During the scan, the sonographer suddenly turned the screen away from me and ran out of the room. A doctor came to see me a few moments later, his face ashen.

Looking at the screen, then at me, he said: ‘I’m so sorry, there’s no heartbeat.’ I could feel panic stirring inside me and tears welling up. ‘What do you mean? How can that be?’ I didn’t know what to say. I didn’t understand how this could happen – I was just days away from my due date. But my son had died, and they didn’t know why.

I couldn’t fathom what they were saying. I wanted my baby. Instead, I was being told I needed to take a pill to induce labour. Katie had given birth herself a few months earlier and her baby was asleep in a car seat in the room with us. She was so horrified she ran out of the room crying. She called my mum who rallied the family to the hospital.

My head swam with confusion as I swallowed the white pill. I was supposed to go into labour within hours, but days went by. I developed an infection, and my temperature fluctuated constantly.

‘Mum, please get me a hot water bottle,’ I begged. But no sooner had I wrapped myself up, shivering turned to sweating and I’d kick back the covers. I felt dizzy and ill.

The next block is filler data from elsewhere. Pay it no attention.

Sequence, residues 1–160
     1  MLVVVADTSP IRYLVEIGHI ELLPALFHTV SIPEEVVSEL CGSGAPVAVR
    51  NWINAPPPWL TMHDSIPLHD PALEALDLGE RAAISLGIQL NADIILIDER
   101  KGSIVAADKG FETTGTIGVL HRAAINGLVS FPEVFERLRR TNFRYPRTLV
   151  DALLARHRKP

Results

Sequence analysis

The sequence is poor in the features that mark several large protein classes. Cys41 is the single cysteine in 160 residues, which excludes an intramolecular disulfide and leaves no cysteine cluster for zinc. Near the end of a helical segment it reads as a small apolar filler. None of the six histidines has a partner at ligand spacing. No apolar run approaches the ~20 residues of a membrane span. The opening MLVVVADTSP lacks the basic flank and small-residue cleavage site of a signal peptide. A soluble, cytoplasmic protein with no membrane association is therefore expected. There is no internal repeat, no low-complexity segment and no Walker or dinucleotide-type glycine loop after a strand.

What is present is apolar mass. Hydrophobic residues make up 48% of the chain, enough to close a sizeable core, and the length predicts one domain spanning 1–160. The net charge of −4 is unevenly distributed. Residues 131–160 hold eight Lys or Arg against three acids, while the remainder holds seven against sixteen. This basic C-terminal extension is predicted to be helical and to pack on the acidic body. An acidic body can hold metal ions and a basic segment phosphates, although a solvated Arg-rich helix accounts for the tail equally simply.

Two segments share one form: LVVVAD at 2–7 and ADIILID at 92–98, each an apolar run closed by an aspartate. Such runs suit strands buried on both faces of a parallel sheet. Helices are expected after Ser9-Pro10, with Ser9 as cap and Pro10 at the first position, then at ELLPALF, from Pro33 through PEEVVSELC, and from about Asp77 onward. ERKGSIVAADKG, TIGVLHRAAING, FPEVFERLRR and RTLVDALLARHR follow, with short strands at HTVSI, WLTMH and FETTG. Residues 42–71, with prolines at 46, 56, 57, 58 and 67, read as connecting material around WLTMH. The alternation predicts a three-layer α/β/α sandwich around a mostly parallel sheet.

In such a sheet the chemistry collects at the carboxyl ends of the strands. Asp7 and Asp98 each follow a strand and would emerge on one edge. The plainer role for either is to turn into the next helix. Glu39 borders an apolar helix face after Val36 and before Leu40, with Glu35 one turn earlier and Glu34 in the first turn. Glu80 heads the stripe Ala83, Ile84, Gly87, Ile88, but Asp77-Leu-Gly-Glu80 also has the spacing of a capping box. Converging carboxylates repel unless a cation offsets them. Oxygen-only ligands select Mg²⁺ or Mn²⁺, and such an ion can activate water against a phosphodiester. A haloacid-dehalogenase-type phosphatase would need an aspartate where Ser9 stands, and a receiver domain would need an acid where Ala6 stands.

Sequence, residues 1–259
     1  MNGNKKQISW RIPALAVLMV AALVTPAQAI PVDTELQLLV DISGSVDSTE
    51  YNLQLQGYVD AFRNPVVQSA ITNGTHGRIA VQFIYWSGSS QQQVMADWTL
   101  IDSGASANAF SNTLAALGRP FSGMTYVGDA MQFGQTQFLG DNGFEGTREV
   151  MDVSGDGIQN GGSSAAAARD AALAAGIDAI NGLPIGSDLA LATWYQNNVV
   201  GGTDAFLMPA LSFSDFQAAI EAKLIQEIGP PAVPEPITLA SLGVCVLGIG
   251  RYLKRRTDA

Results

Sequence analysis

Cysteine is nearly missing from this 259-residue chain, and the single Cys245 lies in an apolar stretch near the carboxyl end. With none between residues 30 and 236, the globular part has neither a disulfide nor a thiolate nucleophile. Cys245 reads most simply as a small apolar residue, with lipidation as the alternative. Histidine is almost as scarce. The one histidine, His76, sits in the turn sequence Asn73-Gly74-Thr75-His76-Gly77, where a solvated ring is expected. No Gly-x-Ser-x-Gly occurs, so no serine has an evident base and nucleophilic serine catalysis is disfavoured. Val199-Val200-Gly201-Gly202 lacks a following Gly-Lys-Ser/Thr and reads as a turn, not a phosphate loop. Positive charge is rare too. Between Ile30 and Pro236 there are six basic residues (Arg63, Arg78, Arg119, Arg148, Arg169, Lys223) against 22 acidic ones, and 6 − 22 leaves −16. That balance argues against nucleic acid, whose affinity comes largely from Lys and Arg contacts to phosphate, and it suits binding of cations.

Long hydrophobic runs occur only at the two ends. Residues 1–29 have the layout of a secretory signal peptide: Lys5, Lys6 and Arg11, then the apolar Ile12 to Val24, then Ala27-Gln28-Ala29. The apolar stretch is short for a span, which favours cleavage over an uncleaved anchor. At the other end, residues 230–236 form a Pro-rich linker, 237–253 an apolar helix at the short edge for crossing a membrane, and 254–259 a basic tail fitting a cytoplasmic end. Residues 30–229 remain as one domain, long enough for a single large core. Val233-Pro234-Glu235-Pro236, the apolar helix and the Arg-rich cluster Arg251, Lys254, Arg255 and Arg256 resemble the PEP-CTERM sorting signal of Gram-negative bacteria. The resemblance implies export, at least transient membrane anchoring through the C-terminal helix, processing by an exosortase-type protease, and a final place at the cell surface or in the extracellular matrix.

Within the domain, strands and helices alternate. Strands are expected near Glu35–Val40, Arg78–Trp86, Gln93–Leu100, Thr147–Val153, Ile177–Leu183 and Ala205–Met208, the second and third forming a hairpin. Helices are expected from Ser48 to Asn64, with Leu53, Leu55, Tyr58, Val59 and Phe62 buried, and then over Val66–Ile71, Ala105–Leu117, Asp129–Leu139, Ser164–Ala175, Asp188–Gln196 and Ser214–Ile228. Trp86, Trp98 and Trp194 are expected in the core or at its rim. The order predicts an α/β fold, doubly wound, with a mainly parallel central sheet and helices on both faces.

The pill took five days to work. Five days with my son inside me, knowing he hadn’t survived. A part of me kept hoping they’d got it wrong.

When my water broke, they realised he’d excreted inside me, which was causing my temperature to fluctuate. Crying in pain, I was given an epidural and told to push. But they realised he was too big and I was rushed away for a C-section.

On April 18, Harrison was stillborn, weighing nearly 4.5kg. The midwife who delivered him said: ‘This baby’s died.’ My little glimmer of hope that Harrison would make it, was over. They took him out of the room as Mum and I cried.

I didn’t want to see him at first. I was confused and frightened. But I realised I only had one chance. Mum wheeled me into the ward where Mark and the family were taking turns to cradle Harrison. He looked so vulnerable, so peaceful. A bereavement midwife came and took photos and casts of his tiny hands and feet.

‘I’m so sorry,’ I said, as I held my baby boy in my arms. We were all in tears. Mark kissed the top of my head, squeezing me in support. But no one knew what to do.